Reverse Mortgages: The Nuts & Bolts

Stay in your home while pulling out cash with this unusual instrument.

By Karin Price Mueller

The Basics

If you need cash and you own a home, there are a few ways to get money out of the property. You could re-mortgage the home or take a home equity loan, on which you’d have to make monthly payments. You could move and sell your home. But if you want to stay in the house, you should consider a reverse mortgage.

A reverse mortgage is a loan on your home, but you never have to pay it back unless you move, sell your home, or die. You can choose several ways to take the loan: you can take a lump sum, receive monthly payments or take out varying amounts when you decide you need it, just as you would with a home equity line of credit.

"It’s ideal for someone who has a house that’s worth a fair amount of money and who has the need for income in retirement, if they don’t have a large pension or other assets," says Marc Collier, a certified financial planner with Wellesley Financial Architects in Wellesley, Massachusetts. "It gives them the opportunity to stay in their home and have the best of both worlds."

Collier says very often the home is the largest single asset a person has, and for the most part, the asset goes untapped. But with a reverse mortgage, people can use the money that’s stashed away in their home.

When you take a regular mortgage, the debt gets smaller as you make payments. But with a reverse mortgage, because you’re taking payments, the debt gets bigger over time while the equity in your home gets smaller. But your debt will never exceed the value of your home at the time your loan comes due (when you move, sell the home or die.)

Peter Bell, president of the National Reverse Mortgage Lenders Association in Washington, D.C., says about 70 percent more reverse mortgages were written in 2002 over 2001.

"More people are learning about them," Bell says. "The reverse mortgage is a solution: No one lays in bed at night saying, ‘I’m going to get up in the morning and get a reverse mortgage,’ but they do sit in bed and think it would be nice to get a new roof, visit family, help their granddaughter with college, purchase long-term care insurance."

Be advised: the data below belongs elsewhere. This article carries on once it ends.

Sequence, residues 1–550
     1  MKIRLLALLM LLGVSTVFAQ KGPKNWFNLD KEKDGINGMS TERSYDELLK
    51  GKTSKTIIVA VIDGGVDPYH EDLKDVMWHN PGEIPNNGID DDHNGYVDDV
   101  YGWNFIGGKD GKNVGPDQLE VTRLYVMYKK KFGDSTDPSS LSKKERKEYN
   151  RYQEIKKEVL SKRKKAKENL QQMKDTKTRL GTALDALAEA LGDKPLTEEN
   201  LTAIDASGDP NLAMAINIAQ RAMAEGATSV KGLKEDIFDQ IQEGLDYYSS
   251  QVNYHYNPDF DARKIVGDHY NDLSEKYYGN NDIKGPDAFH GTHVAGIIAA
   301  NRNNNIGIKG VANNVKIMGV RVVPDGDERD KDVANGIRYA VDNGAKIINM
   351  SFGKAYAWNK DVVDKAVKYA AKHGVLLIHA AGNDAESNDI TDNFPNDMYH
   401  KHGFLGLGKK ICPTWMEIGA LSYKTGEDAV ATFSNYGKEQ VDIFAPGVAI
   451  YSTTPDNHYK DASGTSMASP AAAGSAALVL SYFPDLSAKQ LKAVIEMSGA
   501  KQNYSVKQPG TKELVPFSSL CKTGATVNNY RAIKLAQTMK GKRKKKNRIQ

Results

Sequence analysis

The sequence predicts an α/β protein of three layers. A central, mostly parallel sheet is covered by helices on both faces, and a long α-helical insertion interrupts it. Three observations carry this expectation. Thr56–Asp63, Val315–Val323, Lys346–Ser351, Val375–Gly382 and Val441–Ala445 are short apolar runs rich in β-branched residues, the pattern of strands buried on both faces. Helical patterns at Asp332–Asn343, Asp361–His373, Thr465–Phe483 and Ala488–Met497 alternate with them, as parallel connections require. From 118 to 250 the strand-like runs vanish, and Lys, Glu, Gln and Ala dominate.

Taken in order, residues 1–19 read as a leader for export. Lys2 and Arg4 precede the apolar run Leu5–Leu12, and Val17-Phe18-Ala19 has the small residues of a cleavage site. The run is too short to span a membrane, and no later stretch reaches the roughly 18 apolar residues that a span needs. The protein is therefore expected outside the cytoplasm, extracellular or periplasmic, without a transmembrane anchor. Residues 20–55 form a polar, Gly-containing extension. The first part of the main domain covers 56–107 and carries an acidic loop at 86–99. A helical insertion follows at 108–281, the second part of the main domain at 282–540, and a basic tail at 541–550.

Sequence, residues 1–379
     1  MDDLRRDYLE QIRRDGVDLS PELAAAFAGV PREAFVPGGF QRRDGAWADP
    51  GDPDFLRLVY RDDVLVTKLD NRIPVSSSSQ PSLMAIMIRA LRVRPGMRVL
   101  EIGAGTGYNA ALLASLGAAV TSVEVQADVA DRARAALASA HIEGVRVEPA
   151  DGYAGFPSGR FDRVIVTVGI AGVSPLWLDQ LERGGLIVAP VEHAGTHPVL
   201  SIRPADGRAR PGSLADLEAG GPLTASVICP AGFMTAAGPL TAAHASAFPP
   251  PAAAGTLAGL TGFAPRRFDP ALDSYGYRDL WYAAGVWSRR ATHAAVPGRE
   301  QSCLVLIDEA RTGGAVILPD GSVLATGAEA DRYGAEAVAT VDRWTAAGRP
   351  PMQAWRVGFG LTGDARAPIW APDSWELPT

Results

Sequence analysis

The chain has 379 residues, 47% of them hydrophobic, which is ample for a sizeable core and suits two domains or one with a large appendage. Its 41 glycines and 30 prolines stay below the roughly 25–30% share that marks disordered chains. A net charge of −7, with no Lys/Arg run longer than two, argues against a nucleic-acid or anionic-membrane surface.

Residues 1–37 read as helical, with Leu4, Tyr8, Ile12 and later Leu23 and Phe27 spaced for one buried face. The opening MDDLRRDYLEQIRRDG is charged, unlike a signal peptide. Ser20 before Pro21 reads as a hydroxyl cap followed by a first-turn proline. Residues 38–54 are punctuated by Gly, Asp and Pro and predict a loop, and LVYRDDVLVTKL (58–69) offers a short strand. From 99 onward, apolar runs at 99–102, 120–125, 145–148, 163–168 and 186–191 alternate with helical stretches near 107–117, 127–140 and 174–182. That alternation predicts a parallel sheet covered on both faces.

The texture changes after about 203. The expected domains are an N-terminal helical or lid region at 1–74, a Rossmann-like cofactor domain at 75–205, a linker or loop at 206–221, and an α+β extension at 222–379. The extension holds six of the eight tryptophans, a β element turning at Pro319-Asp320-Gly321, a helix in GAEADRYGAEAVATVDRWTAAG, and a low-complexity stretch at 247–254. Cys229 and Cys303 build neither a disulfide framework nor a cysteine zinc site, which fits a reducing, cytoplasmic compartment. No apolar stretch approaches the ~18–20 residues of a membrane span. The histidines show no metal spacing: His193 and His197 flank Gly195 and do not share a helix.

It’s a product to consider if you need money for just about any reason, though certain products limit what you can use the money for.

Types of Reverse Mortgages

Reverse mortgages may be offered by state and local governments. These are called public sector loans, and can generally only be used for one purpose as determined by the lender. These can be good if you need to make home improvements, for example. Others, offered in the private sector by banks and lending institutions, can be used for any expense.

Single-purpose reverse mortgages come in several forms, and not every type is available everywhere.

  • Deferred Payment Loans, or DPLs, are offered by many government agencies so you can make improvements to your home. This kind of loan gives you a one-time, lump-sum payment. DPLs are among the lowest-cost loans, as they generally have no origination fee, low interest and low closing costs. Also, many DPLs charge simple interest instead of compound interest. That means the interest you owe isn’t added to the balance, therefore you’re not paying interest upon interest as you do with regular mortgages.
  • Property Tax Deferral Loans, or PTD loans, are another single-purpose loan. These can only be used to pay property taxes, and they give you an annual payment. They’re not available in every state, and you must be 65 to be eligible for most PTD loans. The amount you can borrow is generally limited to the amount of your annual tax bill. Like DPL loans, the closing costs and other fees are small, and the interest owed is often simple interest.

Multi-purpose reverse mortgages can vary depending on the state in which you live and the lender.

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Comments

Lily santana03.20.2011

Why do reverse mortgage articles always omit that if you are at nursing home for a certain amount of time, you will lose your home.

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